Maine State Police Trooper Tyler Maloon acknowledges he never knows what he will encounter when he goes to work every day.

But he knows the call he handled early Saturday will be one for the books: He unexpectedly transported the Vince Lombardi Trophy.

The 23-year-old trooper responded Saturday to a report of an accident involving a northbound car that had struck a deer just after 1 a.m. on Interstate 95 near Exit 133 in Fairfield. He offered to give the driver and passenger a ride to the Irving filling station in Pittsfield, where the driver’s father would be waiting to pick them up.

They were an amiable couple, Allen Lennox Jr. and his wife, Megan. Their Mazda sedan had been damaged and was not drivable, so it had been towed away from the scene.

As they traveled the 17 miles north on the interstate to Pittsfield, Maloon chatted with the couple in the back seat.

“I said, ‘What brings you up here? Just traveling?’ ” Maloon recalled asking. “They said, ‘Yeah, we left today to try to beat the storm. We have to be in Bangor for a presentation,’ and they started talking about a trophy. I asked what they were talking about and she piped up and said her husband works for the Patriots and they have a trophy in the back seat.

“I didn’t say anything for a few minutes, and then I was like, ‘You’re telling me the Lombardi Trophy is in my car right now?'”

Maloon said in an interview later Saturday that he learned Allen Lennox works for the New England Patriots team operations at Gillette Stadium. The Patriots won Super Bowl LI on Feb. 5. The couple were taking the Lombardi Trophy, which is awarded each year to the team that wins the Super Bowl, to Bangor for a presentation at the Cross Insurance Center. They needed to be back in Massachusetts afterward for opening day at Fenway Park, where another presentation was scheduled.

“It was definitely mind-blowing,” Maloon said. “I even said that in the car, and they both laughed. It was cool.”

Driving in the dark with the Lennoxes to Pittsfield, Maloon did not see the trophy until they got to the Irving station off Somerset Avenue in Pittsfield. Allen Lennox produced it from a case and bag, Maloon recalled.

“He took it out and let me touch it, and then he put it back,” he said, adding that Allen Lennox took Maloon’s photograph with the trophy.

The accident was the last call Maloon covered on his shift Saturday.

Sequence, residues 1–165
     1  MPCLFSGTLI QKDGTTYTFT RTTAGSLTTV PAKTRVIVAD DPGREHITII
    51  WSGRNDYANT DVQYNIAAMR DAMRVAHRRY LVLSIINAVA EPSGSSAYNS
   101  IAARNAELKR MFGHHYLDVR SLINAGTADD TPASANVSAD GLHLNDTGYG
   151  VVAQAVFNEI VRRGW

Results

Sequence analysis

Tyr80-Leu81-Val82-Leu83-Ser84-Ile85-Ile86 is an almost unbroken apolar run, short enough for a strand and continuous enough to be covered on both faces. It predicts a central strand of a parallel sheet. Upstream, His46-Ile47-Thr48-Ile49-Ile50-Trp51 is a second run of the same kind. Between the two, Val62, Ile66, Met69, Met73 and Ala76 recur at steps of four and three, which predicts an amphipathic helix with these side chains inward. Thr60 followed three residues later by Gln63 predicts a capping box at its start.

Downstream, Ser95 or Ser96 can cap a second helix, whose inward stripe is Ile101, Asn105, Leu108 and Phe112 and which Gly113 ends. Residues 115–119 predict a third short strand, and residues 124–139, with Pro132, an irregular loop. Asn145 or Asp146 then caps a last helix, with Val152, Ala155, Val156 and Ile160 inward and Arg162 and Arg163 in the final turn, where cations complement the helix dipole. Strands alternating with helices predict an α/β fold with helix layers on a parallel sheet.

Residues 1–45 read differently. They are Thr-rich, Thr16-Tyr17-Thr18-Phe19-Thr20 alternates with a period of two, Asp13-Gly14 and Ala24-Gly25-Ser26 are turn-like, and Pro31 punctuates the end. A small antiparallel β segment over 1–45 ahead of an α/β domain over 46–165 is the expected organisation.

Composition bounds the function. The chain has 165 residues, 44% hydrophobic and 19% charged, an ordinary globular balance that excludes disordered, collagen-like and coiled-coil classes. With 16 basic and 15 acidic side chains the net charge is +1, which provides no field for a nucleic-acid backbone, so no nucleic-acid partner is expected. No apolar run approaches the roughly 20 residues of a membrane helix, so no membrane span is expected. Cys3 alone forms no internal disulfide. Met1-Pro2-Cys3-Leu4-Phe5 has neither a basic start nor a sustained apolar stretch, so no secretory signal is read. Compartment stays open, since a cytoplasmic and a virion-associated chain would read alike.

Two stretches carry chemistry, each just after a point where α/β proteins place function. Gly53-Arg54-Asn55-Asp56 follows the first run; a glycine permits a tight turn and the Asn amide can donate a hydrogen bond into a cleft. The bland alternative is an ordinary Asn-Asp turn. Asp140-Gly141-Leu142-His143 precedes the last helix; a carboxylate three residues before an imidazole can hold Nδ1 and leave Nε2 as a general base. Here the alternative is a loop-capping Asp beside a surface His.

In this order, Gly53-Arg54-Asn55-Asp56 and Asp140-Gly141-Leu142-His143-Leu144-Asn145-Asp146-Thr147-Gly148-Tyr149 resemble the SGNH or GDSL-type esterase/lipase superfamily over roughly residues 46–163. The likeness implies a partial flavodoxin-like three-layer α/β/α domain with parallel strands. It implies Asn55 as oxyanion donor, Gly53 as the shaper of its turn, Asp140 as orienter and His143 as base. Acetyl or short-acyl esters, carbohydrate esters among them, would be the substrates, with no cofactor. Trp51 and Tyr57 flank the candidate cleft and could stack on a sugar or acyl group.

“I had 10 or 11 calls yesterday — three different crashes. You never know what’s going to happen, being a trooper, on a day-to-day basis.”

When the young trooper reached home in Pittsfield, he posted a story on Facebook about the incident and Katie England, who handles social media for the Maine State Police, posted the story and photo on the state police Facebook page with Maloon’s comments.

“My mind was blown — seriously what are the odds! A story for the ages!” Maloon’s post says. In the post, he recounts the incident and his discovery.

A Patriots fan, Maloon was excited about his encounter, as was his girlfriend, two young children and other family members, including his grandparents who live in Pittsfield.

“People are just kind of mind-blown, just like I was, that the trophy was actually in our town for a short while,” Maloon said.

He grew up in the town of Detroit playing football and attended Maine Central Institute in Pittsfield before moving to that town six years ago. At MCI, from which he graduated in 2011, he played football as a running back and defensive back. He also played defensive back in the Lobster Bowl in July 2011 in Tiger Stadium in Biddeford.

“I played for the East,” he said. “My daughter was born the week before I had to leave for the Lobster Bowl.”

Before being sworn in as a state trooper last June and graduating from the Maine Criminal Justice Academy in September, Maloon worked two years as a police officer in Clinton.

During his three years in law enforcement, he has never had anything happen quite like Saturday’s encounter, but he has had his share of unusual moments — and received his share of accolades.

On June 19, 2015, he was on routine patrol for Clinton police on Hinckley Road in Clinton when he pulled a driver over who appeared to be operating erratically.

As part of standard procedure, Maloon conducted a field sobriety test on the 54-year-old man. But then something unexpected happened — the man collapsed, went into cardiac arrest and was gasping for air.

It was just before 9 p.m., and the 21-year-old Maloon called for emergency help and performed cardiopulmonary resuscitation on him, which then-Clinton police Chief Craig Johnson later said saved his life.

For his actions that night, Maloon was honored with a Spirit of America Foundation Tribute award in December 2015 at the Kennebec County Courthouse in Augusta. He also received awards from the town of Clinton, the Clinton Police Department and the Maine Chiefs of Police Association for saving the man’s life.

Amy Calder — 861-9247

[email protected]

Twitter: @AmyCalder17